It’s been a big week in politics for people denying or just ignoring the thing they just said. So in that spirit, remember all the times I confidently wrote in this column that there was basically no chance for Boris Johnson to reach a new withdrawal agreement with the EU? No, you don’t. I would never have written something like that. Here’s This Week in Brexit:
This week in deals: On Thursday, after marathon negotiations heading up to this week’s European Council summit, the U.K. and the EU announced that they had finally reached a deal on a revised withdrawal agreement, perhaps the most important diplomatic achievement ever announced via emoji:
This deal, in itself, is a big deal! Just last week, sources within 10 Downing St. saw any agreement as “essentially impossible.” So what changed? Was that scenic walk Johnson and Irish Prime Minister Leo Varadkar took through the manor grounds last week really all it took?
First, some caveats are in order. Calling this a “new” agreement, compared with the one Theresa May negotiated, is an exaggeration. Ninety-five percent of the 293-page agreement is the same. The changes mostly only apply to the controversial “Irish backstop.”
The first rule of Brexit club is that “never” never means never. EU leaders have been maintaining for months that the May agreement was the final agreement and that they had absolutely no intention of reopening discussion on the backstop. Then they reopened discussion on the backstop.
Let’s explain the ol’ backstop one last time: In order to prevent a hard border with customs checks between Northern Ireland and the Republic, the original withdrawal agreement stated that the U.K. as a whole would remain in the EU customs union until such a time as alternative methods could be found to check goods moving across the border.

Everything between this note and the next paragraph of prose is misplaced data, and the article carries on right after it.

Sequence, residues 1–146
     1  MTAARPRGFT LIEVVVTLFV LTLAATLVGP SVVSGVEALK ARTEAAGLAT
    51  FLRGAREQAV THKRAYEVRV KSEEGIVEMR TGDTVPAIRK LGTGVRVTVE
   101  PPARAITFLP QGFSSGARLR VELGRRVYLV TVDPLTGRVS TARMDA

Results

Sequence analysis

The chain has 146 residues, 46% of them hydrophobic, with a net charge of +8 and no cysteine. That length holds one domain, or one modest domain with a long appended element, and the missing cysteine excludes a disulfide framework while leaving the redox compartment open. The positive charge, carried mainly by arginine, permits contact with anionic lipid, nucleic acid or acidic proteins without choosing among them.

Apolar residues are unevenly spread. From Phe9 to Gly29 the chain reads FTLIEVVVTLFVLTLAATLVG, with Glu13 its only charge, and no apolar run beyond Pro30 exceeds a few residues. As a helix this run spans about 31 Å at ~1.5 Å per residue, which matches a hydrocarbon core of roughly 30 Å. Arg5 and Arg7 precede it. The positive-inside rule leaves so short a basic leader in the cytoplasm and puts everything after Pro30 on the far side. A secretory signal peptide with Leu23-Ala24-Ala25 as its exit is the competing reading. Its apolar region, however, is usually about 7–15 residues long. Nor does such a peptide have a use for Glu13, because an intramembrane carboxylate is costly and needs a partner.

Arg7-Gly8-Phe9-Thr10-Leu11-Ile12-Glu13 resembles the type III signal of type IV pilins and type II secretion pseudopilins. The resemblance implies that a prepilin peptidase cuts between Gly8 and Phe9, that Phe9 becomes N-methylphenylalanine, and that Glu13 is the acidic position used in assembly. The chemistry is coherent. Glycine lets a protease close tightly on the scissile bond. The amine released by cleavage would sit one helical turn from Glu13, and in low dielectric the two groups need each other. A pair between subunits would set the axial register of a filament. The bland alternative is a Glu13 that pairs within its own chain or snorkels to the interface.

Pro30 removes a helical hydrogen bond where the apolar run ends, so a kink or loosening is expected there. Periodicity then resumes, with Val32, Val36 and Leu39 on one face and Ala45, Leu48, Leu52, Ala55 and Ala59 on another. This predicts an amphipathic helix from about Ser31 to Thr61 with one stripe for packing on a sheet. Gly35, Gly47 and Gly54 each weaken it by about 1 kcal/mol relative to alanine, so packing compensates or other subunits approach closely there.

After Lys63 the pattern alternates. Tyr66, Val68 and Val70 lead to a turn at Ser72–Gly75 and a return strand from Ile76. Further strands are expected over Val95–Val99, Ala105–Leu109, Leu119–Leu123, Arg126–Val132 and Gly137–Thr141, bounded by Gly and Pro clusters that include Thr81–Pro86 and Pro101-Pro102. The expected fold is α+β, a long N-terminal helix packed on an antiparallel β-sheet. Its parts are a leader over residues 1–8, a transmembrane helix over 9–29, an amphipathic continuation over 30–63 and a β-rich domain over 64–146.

Under the new agreement, the backstop is scrapped. The U.K. as a whole will leave the customs union. This is a big win for Brexiteers as it will allow the U.K. to negotiate its own trade agreements outside the EU.
The catch is that while Northern Ireland will technically be out of the customs union, it will continue to operate under EU customs rules. In practice, this means that goods being sent from the island of Great Britain to Northern Ireland will have to be checked at points of entry. If there’s a chance those goods could be sent on to the Republic, duty will have to be paid on them. This concession was necessary to get Dublin on board with the deal.
The deal also gives the Northern Ireland assembly, known as Stormont, the right to vote on whether to continue with this arrangement every four years. One potential slight problem with this: The deadlocked Stormont assembly has not actually been operational since January 2017. It’s also a bit ironic since a major argument for May’s deal was that the backstop would only be temporary. Under Johnson’s, it could very well be permanent.
All this might sound very technical and minor, but the deal could effectively create a permanent economic border down the Irish Sea, separating Northern Ireland from the rest of the U.K., something both May and Johnson had vowed never to do. It’s a big concession, and a potentially fatal one for the deal.
This week in Parliament: Johnson has defied expectations this week by coming home from Brussels with a deal. But he still has to get that deal approved by Parliament, something that May failed to do three times. There’s going to be a special do-or-die session of Parliament on Saturday, and it’s going to be very, very tight.
By striking this deal, Johnson basically sold out his key allies, the Democratic Unionist Party. The DUP, which controls 10 seats in Parliament, is a right-wing party that draws its support from Northern Ireland’s Protestant community and strongly opposes any political or economic separation between Northern Ireland and the rest of the U.K. That makes the new customs arrangement a nonstarter for them.